adding an extra hard disk and adding space to /usr

Oliver Fromme olli at
Mon Nov 13 16:24:32 UTC 2006

Andriy Gapon wrote:
 > Oliver Fromme wrote:
 > > Aaron Burke wrote:
 > > > SNIP
 > > > > >    (FreeBSD 4.x)  : cd /usr; tar clpf - . | (cd /mnt; tar xvf -)
 > > > > >    (FreeBSD 5.x+) : cd /usr; gtar clpf - . | (cd /mnt; gtar xvf -)
 > > > > iirc tar(1) has changed in 5.3.  why do you use gtar please? is new tar
 > > > > missing something?
 > > > Well, technically no, but it requires more typing.
 > > 
 > > That's why I prefer to use cpio:
 > > 
 > > cd /usr; find -dx . | cpio -dump /mnt
 > > 
 > > which works on _any_ version of FreeBSD out of the box.
 > $ pax rw /usr /mnt
 > is even less typing and works on any system with POSIX-compliant
 > utilities :-)

For certain definitions of "works".  :-)

At the very least you have to add "-p e" (preserve UID/GID
and file mode).  And if you don't use it for local copy
mode, you have to remember to add "-x cpio", or otherwise
it won't copy long path names correctly.

I like the find|cpio combination for the great flexibility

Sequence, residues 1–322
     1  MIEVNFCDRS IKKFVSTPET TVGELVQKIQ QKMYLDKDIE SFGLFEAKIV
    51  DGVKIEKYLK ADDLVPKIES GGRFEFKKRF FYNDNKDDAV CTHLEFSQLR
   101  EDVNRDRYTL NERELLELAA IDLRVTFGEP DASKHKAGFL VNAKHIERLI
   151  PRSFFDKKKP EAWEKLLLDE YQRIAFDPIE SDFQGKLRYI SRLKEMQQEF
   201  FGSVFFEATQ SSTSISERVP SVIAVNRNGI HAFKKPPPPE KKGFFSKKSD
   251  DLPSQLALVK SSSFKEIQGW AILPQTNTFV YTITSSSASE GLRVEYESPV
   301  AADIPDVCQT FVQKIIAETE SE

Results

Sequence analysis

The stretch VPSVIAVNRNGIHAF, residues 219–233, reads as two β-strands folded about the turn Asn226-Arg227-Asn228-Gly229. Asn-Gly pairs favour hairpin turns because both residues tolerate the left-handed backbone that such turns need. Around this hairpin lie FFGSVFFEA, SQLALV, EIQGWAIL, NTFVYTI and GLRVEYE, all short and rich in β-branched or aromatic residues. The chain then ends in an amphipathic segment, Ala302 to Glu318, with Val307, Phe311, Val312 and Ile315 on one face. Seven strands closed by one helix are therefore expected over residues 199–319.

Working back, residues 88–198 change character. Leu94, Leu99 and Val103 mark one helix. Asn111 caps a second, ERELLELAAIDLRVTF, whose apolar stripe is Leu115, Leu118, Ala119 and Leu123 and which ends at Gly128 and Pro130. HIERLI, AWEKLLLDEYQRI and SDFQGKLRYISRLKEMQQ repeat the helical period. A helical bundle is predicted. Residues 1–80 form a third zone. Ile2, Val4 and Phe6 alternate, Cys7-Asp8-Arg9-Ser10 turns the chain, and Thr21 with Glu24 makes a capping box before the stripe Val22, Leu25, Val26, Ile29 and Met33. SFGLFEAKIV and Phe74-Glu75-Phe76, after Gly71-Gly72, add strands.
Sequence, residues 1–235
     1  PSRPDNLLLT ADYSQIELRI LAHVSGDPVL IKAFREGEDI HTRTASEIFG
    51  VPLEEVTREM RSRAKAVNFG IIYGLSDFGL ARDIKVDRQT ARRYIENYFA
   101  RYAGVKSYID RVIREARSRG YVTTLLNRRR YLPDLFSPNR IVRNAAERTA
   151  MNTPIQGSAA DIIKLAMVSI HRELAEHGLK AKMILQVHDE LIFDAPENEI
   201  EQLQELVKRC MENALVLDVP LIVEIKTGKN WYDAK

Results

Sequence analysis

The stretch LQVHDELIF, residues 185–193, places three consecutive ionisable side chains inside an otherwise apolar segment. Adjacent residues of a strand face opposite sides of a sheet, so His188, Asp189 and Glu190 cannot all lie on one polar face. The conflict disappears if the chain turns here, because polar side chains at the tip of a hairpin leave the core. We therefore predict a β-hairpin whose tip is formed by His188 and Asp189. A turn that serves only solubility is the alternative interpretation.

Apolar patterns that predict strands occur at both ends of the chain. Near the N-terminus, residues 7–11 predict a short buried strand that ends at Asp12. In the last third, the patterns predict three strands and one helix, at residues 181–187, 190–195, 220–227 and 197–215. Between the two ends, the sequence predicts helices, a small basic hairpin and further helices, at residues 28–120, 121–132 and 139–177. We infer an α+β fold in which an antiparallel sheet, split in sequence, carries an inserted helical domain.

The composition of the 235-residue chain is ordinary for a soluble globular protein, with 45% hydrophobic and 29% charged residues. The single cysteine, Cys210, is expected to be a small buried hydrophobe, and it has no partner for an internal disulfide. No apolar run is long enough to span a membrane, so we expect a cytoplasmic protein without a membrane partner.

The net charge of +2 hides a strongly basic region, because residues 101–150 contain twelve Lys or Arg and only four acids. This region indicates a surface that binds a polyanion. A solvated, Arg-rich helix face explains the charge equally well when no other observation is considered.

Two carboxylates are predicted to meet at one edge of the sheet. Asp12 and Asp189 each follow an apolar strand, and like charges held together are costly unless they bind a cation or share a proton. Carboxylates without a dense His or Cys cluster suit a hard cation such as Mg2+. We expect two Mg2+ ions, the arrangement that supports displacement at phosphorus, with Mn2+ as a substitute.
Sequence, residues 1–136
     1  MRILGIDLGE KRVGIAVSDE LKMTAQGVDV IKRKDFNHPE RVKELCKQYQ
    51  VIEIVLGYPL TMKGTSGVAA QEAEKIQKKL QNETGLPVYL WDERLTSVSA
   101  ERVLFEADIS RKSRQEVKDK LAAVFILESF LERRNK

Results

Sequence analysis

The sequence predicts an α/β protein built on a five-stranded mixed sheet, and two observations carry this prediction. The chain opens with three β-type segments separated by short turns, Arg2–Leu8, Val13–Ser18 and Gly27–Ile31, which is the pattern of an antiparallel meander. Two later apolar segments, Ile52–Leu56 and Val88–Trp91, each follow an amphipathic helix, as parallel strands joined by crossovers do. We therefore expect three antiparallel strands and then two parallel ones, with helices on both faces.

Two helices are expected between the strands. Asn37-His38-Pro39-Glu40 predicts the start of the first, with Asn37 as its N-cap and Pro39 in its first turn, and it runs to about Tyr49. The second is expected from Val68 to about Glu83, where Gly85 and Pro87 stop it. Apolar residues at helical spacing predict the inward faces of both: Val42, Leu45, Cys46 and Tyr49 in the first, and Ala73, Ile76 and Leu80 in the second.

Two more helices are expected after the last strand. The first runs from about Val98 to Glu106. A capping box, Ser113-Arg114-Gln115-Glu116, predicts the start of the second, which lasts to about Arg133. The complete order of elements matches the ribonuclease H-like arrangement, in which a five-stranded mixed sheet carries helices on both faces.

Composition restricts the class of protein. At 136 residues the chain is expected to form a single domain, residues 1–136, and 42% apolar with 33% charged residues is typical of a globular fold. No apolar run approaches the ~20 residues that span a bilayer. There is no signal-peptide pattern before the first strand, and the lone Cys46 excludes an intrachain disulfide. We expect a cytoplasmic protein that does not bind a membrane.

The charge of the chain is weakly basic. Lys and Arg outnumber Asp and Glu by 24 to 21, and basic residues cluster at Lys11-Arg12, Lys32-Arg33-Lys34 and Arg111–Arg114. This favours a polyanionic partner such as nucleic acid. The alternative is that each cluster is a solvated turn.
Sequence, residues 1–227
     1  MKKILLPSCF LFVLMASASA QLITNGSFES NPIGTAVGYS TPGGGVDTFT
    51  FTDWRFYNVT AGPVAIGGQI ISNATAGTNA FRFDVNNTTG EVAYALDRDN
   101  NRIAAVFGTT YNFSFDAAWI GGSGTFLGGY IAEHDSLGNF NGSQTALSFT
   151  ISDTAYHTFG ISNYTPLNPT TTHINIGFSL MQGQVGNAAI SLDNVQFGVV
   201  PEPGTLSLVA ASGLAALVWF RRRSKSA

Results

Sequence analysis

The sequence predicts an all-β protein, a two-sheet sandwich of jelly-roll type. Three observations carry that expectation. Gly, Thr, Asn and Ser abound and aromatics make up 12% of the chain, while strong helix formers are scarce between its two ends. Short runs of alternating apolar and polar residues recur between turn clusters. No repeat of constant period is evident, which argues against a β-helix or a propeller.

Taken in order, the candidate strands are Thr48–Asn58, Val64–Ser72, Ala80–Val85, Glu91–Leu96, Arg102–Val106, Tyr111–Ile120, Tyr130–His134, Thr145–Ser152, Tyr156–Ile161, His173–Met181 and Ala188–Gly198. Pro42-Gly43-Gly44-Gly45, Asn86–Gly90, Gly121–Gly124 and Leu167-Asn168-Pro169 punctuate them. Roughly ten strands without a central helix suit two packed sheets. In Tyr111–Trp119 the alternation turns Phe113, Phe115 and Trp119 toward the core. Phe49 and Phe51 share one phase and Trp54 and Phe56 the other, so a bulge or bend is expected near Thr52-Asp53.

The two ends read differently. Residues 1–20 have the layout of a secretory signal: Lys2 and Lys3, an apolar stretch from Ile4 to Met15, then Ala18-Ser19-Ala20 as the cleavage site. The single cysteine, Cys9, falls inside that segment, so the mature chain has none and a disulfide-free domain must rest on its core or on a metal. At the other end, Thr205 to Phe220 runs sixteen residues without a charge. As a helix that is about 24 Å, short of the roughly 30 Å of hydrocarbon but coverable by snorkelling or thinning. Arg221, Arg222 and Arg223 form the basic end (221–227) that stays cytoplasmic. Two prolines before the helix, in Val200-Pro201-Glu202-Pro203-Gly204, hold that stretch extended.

that find(1) provides.  And while cpio isn't in the current
POSIX standard (neither is tar, FWIW), it's present on all
UNIX systems that I'm using.

It's also important to know that pax doesn't preserve file
flags (cpio neither, though).  To make a real 1:1 copy
including file flags, cpdup is easy to use and efficient

Best regards

Oliver Fromme,  secnetix GmbH & Co. KG, Marktplatz 29, 85567 Grafing
Dienstleistungen mit Schwerpunkt FreeBSD:
Any opinions expressed in this message may be personal to the author
and may not necessarily reflect the opinions of secnetix in any way.

"To this day, many C programmers believe that 'strong typing'
just means pounding extra hard on the keyboard."
        -- Peter van der Linden

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